Cervical cancer is the second most common cancer in Indian women, with age-standardized rate of 22/100,000 women per year; 96,922 new cases and 60,078 deaths per year.[1] Despite the magnitude, there is no existing national screening program for cervical screening at present in India. This, along with other factors, contributes to the high incidence of cervical cancer in our country. Pregnancy is the only time when women approach health-care professionel in India. Therefore, antenatal visits give an excellent opportunity for opportunistic screening for premalignant and malignant diseases of the cervix. However, cervical screening in pregnancy also poses a lot of problems because of hormone-induced changes in the cervix.[2],[3] Abnormal findings during pregnancy are generally more difficult to evaluate due to the normal pregnancy-related metaplastic changes. There are hormonal changes in the epithelium of the ectocervix and the endocervix. Cells are hypervacoulated; nuclei are larger which may mimic abnormal cells.[2],[3],[4],[5] All this makes cytology difficult to interpret in pregnancy; hence there is need for alternative options for screening. Visual methods such as visual inspection after application of acetic acid visual inspection with acetic acid (VIA) are very well tested and documented as a method of screening in nonpregnant women.[6] However, these methods have not been tested in pregnancy. Colposcopy in pregnancy is also not easy; extensive immature metaplasia often produces an intense acetowhitening after application of acetic acid, vascularity of the cervix is increased with fine punctuation, and mosaic patterns seen commonly.[4],[5],[7] Human papillomavirus screening does not seem to be a suitable option in young Indian women because of the high incidence of positivity in women <30 years of age.[8],[9],[10] Overall, cervical screening in pregnancy appears to be beneficial, and, at the same time, difficult to interpret. The best method of screening, therefore, remains a matter of debate. This study was conducted to see the prevalence of premalignant and malignant diseases of the cervix in pregnancy in a hospital based population and to compare the two methods for screening in pregnancy namely, cytology and VIA.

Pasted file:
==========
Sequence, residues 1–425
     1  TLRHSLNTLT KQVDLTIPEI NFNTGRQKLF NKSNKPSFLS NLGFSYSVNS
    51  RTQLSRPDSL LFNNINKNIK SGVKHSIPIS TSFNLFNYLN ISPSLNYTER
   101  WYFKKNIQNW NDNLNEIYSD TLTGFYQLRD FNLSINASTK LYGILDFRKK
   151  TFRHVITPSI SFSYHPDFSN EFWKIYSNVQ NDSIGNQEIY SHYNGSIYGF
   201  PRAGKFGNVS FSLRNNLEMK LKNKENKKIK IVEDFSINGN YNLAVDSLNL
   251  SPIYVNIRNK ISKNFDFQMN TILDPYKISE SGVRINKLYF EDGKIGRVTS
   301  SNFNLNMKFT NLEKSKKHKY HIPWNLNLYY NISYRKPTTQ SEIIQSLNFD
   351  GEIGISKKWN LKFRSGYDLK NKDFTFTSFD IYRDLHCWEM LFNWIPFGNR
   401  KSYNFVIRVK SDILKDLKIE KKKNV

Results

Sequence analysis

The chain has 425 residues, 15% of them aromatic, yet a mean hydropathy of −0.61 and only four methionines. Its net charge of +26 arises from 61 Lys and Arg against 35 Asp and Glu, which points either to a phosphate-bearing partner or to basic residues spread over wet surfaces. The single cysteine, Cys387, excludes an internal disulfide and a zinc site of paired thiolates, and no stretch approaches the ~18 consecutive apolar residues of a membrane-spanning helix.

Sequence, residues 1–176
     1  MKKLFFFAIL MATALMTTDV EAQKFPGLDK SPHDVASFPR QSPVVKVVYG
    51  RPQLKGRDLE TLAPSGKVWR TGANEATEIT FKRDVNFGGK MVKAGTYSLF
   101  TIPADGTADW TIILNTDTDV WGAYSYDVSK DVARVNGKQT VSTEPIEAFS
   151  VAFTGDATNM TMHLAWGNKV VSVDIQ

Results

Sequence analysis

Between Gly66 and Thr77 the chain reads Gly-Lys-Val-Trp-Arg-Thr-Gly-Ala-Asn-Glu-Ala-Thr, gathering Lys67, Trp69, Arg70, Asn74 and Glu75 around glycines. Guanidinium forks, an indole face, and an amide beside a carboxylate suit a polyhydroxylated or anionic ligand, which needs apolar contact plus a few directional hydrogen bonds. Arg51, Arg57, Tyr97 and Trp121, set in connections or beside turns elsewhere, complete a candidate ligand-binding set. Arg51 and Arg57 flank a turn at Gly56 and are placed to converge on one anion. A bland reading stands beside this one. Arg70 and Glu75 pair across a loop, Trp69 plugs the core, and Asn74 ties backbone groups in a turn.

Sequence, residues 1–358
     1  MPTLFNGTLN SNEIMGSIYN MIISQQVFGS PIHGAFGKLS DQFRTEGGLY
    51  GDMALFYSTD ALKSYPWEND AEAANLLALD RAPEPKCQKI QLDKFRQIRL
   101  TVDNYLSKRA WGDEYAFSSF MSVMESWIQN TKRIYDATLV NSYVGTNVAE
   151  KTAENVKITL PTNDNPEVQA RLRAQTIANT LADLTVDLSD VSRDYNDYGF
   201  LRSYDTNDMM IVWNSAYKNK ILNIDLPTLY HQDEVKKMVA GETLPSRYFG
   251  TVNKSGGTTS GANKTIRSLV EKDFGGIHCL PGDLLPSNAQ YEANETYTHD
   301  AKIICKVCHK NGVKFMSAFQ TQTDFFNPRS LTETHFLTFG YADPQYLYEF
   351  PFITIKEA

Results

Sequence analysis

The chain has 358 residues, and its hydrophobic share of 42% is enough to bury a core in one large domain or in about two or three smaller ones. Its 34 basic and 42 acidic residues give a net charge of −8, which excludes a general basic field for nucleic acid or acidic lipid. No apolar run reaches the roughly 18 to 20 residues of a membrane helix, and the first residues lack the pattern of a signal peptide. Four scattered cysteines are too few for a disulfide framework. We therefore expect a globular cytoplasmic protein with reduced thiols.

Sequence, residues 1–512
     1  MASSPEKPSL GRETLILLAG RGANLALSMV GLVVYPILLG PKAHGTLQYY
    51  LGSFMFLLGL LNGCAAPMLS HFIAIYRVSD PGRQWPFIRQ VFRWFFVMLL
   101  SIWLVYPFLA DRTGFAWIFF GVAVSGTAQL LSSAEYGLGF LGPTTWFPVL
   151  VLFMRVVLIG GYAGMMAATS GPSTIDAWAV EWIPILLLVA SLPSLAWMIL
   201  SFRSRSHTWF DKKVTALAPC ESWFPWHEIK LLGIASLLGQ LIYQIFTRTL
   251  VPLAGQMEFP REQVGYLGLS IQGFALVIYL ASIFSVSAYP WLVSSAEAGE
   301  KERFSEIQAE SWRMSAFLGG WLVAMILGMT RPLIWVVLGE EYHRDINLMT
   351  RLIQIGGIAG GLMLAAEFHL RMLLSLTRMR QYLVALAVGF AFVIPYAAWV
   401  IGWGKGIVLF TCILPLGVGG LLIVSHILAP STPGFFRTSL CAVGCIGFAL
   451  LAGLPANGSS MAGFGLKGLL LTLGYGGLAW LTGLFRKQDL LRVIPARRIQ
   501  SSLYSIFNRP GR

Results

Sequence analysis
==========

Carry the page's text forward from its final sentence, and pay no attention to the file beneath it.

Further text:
Subjects and Methods Top

Study design

A prospective cohort study.


This was an antenatal clinic-based study.

Sample size

Three hundred and ninety eight antenatal women in the first and second trimesters were recruited over a period of 1 year.

Inclusion criteria

Pregnant women of gestational age <28 weeks were randomly recruited from the antenatal clinic.

Exclusion criteria

  • Active vaginitis
  • Preterm premature rupture of membranes
  • Patients unwilling for examination and follow-up
  • Women in the third trimester of pregnancy.

All pregnant women in their first and second trimesters were randomly recruited from the antenatal clinic. Eligible women were then explained about the study and given printed information in their own language. Women who were willing to participate in the study and follow-up were then recruited into the study after informed consent. Detailed demographic information was recorded using a preformed questionnaire.

All women in the study had a speculum examination; cytology was taken by the conventional technique using the Ayre spatula; smear was spread on a slide and was immediately fixed with 95% alcohol spray. This was followed by visual inspection of the cervix with a good light by a trained doctor after application of 5% freshly prepared acetic acid using a swab stick (VIA). The changes on the cervix were then interpreted as VIA positive or negative. VIA test was labeled as positive if there were distinct, well-defined, acetowhite areas with regular or irregular margins, close to or abutting the squamocolumnar junction in the transformation zone. The intensity of acetowhiteness, borders of acetowhite area, and location of the acetowhite area were noted.

Bethesda system was used for reporting cervical cytology.[11] Abnormal results were categorized as atypical squamous cell of undetermined significance (ASCUS), atypical squamous cell cannot exclude high-grade squamous intraepithelial lesion (HSIL), low-grade squamous intraepithelial lesion (LSIL), HSIL, atypical glandular cell not otherwise specified (AGC-NOS), AGC favor neoplasia, adenocarcinoma in situ, adenocarcinoma, and squamous cell carcinoma.